Cynthia Dias is one of the lucky few Americans selected to get a seat at President Obama’s State of the Union address on Tuesday night.
Dias is a veteran, having served as a nurse during the Vietnam War. She also experienced homelessness after her service, which she attributes to her struggles with PTSD. But for the last year, she’s been living in a supportive housing complex in Las Vegas, Nevada called Veterans Village, where formerly homeless veterans can find a place to live as well as services such as physical and mental health care and job referral and training.
Dias’s invitation highlights one of the administration’s efforts: a challenge to mayors across the country to end veteran homelessness by the end of 2015 and to end it for other groups in the following years. Las Vegas was one of the cities to meet that goal, as were 18 others and the state of Virginia. And the invite likely signals that Obama will highlight the challenge, and the achievements it’s reached, in his address.
That might help ensure that this issue makes it into the presidential campaign and gets on the agenda for whoever next occupies the White House, according to Richard Cho, senior policy director at the federal Interagency Council on Homelessness. “I’m hoping the fact that the president is highlighting this issue, and the first lady is highlighting this issue, will be a way to signal that this is a place where federal leadership can really make a difference,” he said. “Particularly around the veterans goal, it demonstrated that when the federal government provides leadership what a difference that can make.”
Over Obama’s tenure, homelessness among the country’s veterans has declined by 35 percent, or 25,642 fewer people without homes. Beyond the places to meet the full goal of ending veteran homelessness by the end of last year, others ended chronic homelessness among their veteran populations. That can be easier than housing all homeless vets, a larger number that requires enough affordable housing units to be able to place them, which many larger cities are struggling with.
But the whole initiative has proven at least one thing: ending homelessness is achievable. “We’re no longer talking about whether it’s possible to achieve an end to veteran homelessness. We know it’s possible now,” Cho said. “We can choose to do this, or not choose to do this.”
And there should be even more success stories in 2016. He said the agency is getting a “continuous stream” of communities seeking to have it certify them as having ended veteran homelessness, about half of which are confirmable. “I’m feeling very personally optimistic that we’ll have a significant number of communities over the next few months being able to get there,” he said. It’s also signaling to cities that although the 2015 deadline has come and gone, the effort is ongoing and new cities can still make a pledge, although there is no specific new deadline to aim for. “Just because communities didn’t get there by 2015 is no reason to stop,” he said. “We’re committed to achieving the goal on the earliest timeframe.”
Thus far, however, Cho says he’s disappointed with the role the issue of homelessness has played in the race for president — which is to say, none at all. “I think it’s really disappointing, especially given that we have many communities where they’re feeling an uptick in homelessness and things are reaching a crisis level,” he said. Lawmakers have called the situation facing their homeless populations states of emergency in the cities of Los Angeles, Portland, and Seattle and in the entire state of Hawaii. And while homelessness declined 2 percent between 2014 and 2015, at the current rate it won’t be eradicated for another 40 years.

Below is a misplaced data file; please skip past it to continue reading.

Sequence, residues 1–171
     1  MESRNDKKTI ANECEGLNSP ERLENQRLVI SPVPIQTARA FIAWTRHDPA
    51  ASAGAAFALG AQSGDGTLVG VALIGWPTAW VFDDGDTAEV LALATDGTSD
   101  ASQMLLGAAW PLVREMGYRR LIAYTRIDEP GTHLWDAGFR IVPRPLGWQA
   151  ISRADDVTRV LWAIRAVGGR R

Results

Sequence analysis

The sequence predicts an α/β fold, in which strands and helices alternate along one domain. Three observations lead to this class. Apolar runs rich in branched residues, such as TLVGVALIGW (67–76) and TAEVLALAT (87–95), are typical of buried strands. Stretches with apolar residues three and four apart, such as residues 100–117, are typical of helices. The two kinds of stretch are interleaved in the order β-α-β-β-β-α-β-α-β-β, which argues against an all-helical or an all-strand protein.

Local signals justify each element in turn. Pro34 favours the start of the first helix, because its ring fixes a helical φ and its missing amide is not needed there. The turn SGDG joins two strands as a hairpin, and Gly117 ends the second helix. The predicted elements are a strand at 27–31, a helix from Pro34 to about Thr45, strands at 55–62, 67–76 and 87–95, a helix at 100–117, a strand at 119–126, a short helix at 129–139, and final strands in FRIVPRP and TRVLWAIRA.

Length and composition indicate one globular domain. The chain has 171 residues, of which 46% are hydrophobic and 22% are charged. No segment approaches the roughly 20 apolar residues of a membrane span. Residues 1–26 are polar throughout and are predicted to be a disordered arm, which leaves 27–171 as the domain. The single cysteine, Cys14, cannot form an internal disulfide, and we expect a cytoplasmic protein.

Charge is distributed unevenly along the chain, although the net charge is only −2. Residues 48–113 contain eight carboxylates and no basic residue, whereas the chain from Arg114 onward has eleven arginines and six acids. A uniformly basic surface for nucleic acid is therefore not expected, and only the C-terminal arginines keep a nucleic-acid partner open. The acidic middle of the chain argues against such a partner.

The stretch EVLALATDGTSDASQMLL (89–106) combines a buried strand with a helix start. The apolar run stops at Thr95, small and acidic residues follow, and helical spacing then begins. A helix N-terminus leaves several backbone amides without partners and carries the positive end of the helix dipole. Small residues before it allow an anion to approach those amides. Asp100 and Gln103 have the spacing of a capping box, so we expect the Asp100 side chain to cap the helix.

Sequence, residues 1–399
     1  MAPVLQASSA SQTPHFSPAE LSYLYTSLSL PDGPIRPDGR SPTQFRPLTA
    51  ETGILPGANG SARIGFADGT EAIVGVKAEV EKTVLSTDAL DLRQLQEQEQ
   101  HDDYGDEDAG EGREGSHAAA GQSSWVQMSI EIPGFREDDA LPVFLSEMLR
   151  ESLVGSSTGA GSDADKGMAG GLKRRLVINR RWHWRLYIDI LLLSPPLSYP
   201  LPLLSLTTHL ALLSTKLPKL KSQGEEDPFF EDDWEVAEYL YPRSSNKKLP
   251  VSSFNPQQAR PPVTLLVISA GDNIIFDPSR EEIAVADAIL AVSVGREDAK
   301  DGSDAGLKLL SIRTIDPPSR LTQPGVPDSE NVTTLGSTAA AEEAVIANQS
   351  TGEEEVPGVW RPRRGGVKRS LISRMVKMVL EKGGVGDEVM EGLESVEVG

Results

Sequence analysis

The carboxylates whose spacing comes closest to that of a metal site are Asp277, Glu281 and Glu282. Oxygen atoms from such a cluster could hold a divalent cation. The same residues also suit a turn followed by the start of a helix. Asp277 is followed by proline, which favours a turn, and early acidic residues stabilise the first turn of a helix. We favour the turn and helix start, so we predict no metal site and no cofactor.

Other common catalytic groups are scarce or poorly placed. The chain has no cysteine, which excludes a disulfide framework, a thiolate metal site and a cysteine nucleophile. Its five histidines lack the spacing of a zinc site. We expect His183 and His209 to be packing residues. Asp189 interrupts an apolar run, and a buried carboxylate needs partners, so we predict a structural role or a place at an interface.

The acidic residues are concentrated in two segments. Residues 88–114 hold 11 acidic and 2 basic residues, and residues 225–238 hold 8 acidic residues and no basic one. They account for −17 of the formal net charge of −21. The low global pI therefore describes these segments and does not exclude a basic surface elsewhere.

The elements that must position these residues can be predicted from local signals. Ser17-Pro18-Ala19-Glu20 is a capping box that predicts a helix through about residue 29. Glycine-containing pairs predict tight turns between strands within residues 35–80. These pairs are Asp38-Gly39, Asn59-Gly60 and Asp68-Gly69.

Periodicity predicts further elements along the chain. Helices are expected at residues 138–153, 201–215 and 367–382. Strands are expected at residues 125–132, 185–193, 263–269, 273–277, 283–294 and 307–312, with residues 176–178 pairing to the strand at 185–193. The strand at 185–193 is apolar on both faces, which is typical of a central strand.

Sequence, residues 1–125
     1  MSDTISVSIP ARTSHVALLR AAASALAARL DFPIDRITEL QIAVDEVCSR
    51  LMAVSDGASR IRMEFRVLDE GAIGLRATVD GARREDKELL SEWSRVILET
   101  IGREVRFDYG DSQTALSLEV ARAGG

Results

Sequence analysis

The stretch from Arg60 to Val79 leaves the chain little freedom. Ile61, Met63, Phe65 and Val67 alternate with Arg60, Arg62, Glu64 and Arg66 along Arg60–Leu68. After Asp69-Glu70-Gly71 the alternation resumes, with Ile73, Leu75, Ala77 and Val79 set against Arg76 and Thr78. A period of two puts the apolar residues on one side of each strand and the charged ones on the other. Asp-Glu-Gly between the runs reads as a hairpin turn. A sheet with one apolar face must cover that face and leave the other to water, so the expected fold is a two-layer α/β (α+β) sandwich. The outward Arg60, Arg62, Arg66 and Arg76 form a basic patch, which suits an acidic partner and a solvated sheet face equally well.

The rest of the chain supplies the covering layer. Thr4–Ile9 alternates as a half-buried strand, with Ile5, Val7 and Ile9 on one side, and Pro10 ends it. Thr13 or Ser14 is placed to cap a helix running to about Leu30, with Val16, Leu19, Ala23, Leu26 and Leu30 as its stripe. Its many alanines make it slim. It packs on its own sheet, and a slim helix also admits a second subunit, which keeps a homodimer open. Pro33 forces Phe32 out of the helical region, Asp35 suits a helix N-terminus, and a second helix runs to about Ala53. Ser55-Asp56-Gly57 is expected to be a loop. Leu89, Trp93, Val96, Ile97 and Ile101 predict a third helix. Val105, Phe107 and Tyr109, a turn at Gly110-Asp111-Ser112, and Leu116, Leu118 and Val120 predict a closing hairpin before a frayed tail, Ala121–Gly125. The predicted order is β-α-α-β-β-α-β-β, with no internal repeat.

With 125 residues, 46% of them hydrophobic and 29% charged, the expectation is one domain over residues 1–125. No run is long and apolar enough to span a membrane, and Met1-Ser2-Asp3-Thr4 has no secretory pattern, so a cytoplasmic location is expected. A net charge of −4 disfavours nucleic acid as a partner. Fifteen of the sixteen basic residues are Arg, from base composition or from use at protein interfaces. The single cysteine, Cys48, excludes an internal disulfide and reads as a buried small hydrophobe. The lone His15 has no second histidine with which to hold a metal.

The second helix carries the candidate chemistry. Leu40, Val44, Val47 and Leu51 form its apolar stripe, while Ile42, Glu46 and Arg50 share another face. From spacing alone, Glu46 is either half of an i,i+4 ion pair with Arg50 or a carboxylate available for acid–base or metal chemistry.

“Homelessness in the context of a national affordable housing crisis is something that I’m hoping more people will talk about,” he said. After all, there used to be a surplus of affordable housing units, but there is now a deficit of 5.5 million.
Cho and his agency also want to make sure that the progress that has been made during Obama’s tenure isn’t allowed to fade away after he leaves office. “What we hope to do is set in motion a few things this year that will make sure the work continues into the next administration,” he said. Part of that will be making it clear that the gains made in ending veteran homelessness will only be sustained as long as the considerable resources Congress has allocated toward the issue are sustained. It also means ensuring there are systems in place to keep housing homeless veterans “regardless of who’s in the White House and who’s in city halls or statehouses.”
The point of setting a goal to end veteran homelessness was never meant to only address veterans’ needs, but to also prove that certain approaches work and can be applied to all other groups of homeless people across the country. “That’s the big focus for this year, to really shine a light on the things that worked well for ending veteran homelessness,” Cho said. Things like a housing first approach — which aims to put people into housing, stabilizing their lives, before addressing other needs and concerns — and targeting resources to the people with particular needs.
But that secondary goal has been much harder to achieve. Cho said Congress has increased funding for supportive veteran housing eight-fold and for rapid rehousing six-fold. That sense of urgency has yet to translate to other homeless people. “We’ve not seen anything near that investment for other groups,” he said. The original goal was to end all chronic homelessness by the end of this year, but that had to be pushed back to 2017 when Congress failed to provide resources for the housing units necessary to get there. There has been even less attention devoted to the needs of homeless families and youth. “We’re facing the reality that we will not be able to achieve that goal because we’re facing a significant shortfall in resources,” he said.